The National Film and Video Foundation (NFVF) released an annual report suggesting the increase in production of local films, with specific reference to the years 2009 to 2012.
The films mentioned in the NFVF report are directed by both white and black males, however, no female directors are on the list – even with the introduction of women empowerment and gender equality in South Africa.
Zama Mkosi, Chief Executive Officer, NFVF spoke with Azania Mosaka about the support for local films as well as the challenges surrounding audience development.
Mkosi says the movie making business is one that spreads through word of mouth.
The more the film does on the first weekend, the more the word of mouth spreads and other people then come out and watch it because they have heard it is fantastic.— Zama Mkosi, Chief Executive Officer, NFVF
Mkosi says the longer a movie stays on the circuit the more money it is likely to generate. She adds that distributors have been roped in as partners in an attempt to resolve distribution issues.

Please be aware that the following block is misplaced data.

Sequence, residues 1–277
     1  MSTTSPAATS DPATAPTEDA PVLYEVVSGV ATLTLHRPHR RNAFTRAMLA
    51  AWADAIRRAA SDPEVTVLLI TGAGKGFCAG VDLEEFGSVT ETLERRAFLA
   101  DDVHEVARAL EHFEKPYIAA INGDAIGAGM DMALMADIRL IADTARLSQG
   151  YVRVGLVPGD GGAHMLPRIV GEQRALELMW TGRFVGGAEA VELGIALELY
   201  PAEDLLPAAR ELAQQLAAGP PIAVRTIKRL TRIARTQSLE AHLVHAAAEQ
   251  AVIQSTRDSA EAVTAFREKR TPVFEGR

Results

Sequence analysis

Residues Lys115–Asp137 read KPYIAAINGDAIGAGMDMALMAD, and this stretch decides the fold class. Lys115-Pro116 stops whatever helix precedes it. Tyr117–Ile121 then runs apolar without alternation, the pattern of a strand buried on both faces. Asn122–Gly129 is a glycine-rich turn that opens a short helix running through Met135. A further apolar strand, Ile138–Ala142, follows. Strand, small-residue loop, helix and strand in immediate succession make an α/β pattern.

Mkosi says there is a sustained increase in the release of local films in local cinemas.
In 2015 we were sitting at 22 films and in 2016 we're still under 30 but we're almost there with 28. And six more films a year is not a joke, its not a small number because it takes a lot for any South African film to make it to a big screen.— Zama Mkosi, Chief Executive Officer, NFVF
She says what this does for audience development is encourage consistency for movie goers.
Listen to Mkosi also discuss how Afrikaans films are dominating the local film circuit and more: